Averill Earls
Sep 14, 2017 rated it it was amazing
I love this book. I don't get to teach it often because when am I ever teaching Early mod Europe? Never. But I got to teach it with my first-years this semester as an example of a microhostory (to endeavor to model their own papers on) and it is engaging and interesting and sassy and I LOVE IT. The students like or love it too, so it's a win win! Poor Pansette.
May 07, 2017 rated it liked it
A totally different way to the way I do history and a fascinating reconstruction of events of the 16th century. The mass of details sometimes get in the way of the narrative and the reconstruction work calls on Zemon Davis to bring in archival material that assists her speculations but that sometimes don't assist in enabling the reader to concentrate on the narrative.
Jul 01, 2017 rated it it was amazing
This is a quick read; a fascinating story of the life of the peasantry in 1500s Europe. I have done genealogy and many of my german roots fade out of the records in this time frame as families were starting to use surnames. One wonders what life was really like for people that had not long been free from serfdom or equivalent. This gives good insight into the times.
Sep 03, 2017 rated it really liked it
Shelves: 2017
It has a nice flow and the story was interesting. Really well written for historical nonfiction.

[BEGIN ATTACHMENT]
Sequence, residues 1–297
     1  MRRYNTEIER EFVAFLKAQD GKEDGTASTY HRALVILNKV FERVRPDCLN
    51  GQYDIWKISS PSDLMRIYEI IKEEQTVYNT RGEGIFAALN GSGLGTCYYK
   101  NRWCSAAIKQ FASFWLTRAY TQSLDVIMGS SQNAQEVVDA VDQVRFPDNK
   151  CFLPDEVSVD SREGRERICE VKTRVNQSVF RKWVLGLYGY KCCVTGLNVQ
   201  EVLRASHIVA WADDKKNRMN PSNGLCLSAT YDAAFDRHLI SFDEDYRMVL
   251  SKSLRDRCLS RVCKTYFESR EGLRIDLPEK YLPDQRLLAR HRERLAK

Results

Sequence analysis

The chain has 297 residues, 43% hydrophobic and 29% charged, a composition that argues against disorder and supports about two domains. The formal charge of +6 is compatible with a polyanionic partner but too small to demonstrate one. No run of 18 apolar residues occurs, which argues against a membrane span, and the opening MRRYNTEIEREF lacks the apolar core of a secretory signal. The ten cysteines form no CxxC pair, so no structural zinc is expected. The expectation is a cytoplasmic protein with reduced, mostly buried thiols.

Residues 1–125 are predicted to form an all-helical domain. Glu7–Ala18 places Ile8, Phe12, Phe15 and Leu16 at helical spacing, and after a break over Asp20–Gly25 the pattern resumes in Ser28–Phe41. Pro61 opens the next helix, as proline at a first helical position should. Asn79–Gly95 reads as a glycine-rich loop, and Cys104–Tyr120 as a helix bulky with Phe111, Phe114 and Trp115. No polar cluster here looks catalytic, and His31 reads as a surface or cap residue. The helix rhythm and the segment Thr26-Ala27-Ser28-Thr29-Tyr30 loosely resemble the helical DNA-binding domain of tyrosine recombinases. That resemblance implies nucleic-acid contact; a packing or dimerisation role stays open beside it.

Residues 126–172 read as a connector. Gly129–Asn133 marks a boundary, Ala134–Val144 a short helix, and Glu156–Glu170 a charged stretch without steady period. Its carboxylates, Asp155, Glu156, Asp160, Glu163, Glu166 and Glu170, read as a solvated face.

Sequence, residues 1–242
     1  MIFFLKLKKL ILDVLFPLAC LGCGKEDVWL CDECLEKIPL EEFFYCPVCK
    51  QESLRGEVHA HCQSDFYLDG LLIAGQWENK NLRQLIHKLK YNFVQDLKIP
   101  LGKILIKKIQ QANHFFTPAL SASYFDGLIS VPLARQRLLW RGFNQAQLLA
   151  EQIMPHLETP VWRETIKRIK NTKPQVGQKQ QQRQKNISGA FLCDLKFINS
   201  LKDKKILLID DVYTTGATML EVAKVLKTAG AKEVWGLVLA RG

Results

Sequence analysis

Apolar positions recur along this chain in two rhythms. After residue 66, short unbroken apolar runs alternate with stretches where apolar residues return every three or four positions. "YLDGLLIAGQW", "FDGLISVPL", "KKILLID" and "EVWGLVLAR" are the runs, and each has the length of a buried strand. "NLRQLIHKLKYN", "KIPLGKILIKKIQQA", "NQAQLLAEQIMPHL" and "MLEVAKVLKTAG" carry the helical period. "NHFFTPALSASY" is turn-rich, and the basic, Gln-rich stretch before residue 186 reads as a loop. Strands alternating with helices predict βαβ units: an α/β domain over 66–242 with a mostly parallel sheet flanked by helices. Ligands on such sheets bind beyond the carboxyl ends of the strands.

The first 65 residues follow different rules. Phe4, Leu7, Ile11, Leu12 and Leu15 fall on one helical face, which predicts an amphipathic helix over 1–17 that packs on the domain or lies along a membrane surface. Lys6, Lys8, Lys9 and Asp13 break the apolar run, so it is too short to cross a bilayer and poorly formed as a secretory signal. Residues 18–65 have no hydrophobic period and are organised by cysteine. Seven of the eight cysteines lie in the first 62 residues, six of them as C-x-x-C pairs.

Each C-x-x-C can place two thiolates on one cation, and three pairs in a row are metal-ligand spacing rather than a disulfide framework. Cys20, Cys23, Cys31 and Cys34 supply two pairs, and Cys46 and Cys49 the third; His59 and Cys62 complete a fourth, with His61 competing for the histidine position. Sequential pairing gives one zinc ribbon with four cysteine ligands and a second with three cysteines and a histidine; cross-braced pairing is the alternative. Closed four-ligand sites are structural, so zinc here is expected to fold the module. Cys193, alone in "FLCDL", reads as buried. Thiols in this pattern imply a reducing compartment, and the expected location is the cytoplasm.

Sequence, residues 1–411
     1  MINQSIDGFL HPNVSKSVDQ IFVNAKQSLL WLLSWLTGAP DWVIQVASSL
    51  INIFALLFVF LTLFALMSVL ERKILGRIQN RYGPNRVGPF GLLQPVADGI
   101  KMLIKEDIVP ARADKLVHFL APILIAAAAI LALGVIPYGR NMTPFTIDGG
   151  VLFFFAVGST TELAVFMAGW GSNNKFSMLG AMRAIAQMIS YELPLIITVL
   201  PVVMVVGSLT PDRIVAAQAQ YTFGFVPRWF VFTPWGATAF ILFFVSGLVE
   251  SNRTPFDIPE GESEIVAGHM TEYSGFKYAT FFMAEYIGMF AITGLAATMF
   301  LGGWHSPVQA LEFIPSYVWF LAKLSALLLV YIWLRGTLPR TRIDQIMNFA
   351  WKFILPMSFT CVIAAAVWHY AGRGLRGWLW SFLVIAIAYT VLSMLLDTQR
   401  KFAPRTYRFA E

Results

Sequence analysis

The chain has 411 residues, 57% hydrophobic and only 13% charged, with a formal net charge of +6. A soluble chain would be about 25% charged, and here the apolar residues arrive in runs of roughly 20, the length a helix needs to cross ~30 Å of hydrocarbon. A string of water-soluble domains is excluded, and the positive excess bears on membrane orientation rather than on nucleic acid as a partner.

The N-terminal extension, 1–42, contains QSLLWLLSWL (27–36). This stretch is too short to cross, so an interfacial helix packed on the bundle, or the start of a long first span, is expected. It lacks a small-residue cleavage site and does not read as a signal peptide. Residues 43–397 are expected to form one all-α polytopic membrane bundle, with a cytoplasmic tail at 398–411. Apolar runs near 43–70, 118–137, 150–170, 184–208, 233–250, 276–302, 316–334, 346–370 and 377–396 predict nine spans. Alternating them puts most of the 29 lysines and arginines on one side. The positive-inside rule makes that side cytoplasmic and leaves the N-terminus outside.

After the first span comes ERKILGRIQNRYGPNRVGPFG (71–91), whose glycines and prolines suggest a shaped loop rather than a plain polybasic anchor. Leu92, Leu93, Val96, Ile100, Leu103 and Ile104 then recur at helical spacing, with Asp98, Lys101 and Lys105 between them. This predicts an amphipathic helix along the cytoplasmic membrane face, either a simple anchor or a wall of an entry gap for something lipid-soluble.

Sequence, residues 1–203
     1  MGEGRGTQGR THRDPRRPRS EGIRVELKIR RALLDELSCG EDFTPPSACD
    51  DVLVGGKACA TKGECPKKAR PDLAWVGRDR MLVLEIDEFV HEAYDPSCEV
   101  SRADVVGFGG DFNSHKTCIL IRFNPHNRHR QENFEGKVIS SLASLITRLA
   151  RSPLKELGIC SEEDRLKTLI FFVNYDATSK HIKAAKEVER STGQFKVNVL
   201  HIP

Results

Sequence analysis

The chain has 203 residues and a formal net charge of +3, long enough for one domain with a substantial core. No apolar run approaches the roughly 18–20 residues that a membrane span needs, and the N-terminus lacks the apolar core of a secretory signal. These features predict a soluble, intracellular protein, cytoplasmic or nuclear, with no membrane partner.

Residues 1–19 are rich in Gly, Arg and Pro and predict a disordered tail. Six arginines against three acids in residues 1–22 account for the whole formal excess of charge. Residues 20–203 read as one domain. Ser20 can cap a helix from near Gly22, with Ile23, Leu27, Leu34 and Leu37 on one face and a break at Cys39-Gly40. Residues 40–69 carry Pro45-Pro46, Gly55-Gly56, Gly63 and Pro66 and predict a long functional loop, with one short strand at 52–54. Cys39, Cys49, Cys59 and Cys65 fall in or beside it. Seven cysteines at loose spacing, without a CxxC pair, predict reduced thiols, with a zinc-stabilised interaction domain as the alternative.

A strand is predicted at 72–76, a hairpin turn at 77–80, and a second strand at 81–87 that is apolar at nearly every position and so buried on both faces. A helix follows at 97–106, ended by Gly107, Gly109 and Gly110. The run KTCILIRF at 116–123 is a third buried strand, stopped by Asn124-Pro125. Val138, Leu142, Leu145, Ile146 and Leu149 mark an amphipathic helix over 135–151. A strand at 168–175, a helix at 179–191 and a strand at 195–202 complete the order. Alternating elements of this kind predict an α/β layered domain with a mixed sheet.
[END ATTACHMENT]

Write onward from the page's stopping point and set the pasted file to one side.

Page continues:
Jul 22, 2017 rated it liked it
Shelves: read-2017
It didn't really live up to the hype (please imagine the crowd of people I run with that I've heard a TON of hype on how great this book is).d
May 08, 2017 rated it really liked it
I read this in a history class and it was fascinating. A great story and thought experiment. Fun to read about real, intriguing history.
Charvi Rastogi
Feb 03, 2017 rated it liked it
3.5 to be fair.
Jan 15, 2016 rated it really liked it
Natalie Zemon Davis’ The Return of Martin Guerre tells the story of Arnaud Du Tilh’s impersonation of Martin Guerre, a Basque peasant who traveled with his family to the small French village of Artigat, married, and disappeared shortly thereafter. According to the account of Jean De Coras, one of the judges who presided over Du Tilh’s trial, the imposter was successful in deceiving Guerre’s wife and indeed his entire family as to his identity. Davis disagrees with Coras, insisting that not only ...more
Jun 11, 2016 rated it it was amazing  ·  review of another edition
Shelves: historia
La historia cultural —que no la historia de la cultura— es la historia de las perspectivas. De los puntos de vista. La historia de lo que la gente ve y juzga en un momento dado y, por supuesto, de cómo y por qué ve y juzga en el modo en el que lo hace. Una historia imaginativa, ciertamente, dado que el estudioso debe inferir una cantidad importante de cosas y, sobre todo, debe encontrar la manera e la que su personaje, o sus personajes, pudieron haberse hecho eco de lo que acaecía a su alrededor ...more
Stephen Selbst
Feb 26, 2017 rated it liked it
Natalie Zemon Davis tells the story of The Return of Martin Guerre. But beyond adding a few details, the retelling isn't much because the outlines of the story are well-known: a man disappears, a man claiming to be him returns, lives with his wife and resettles into the community. But doubts persist, even among his family, and he is placed on trial, near the end of which the true Martin Guerre returns. The impostor is convicted and sentenced to death. What this book does is illuminate the social ...more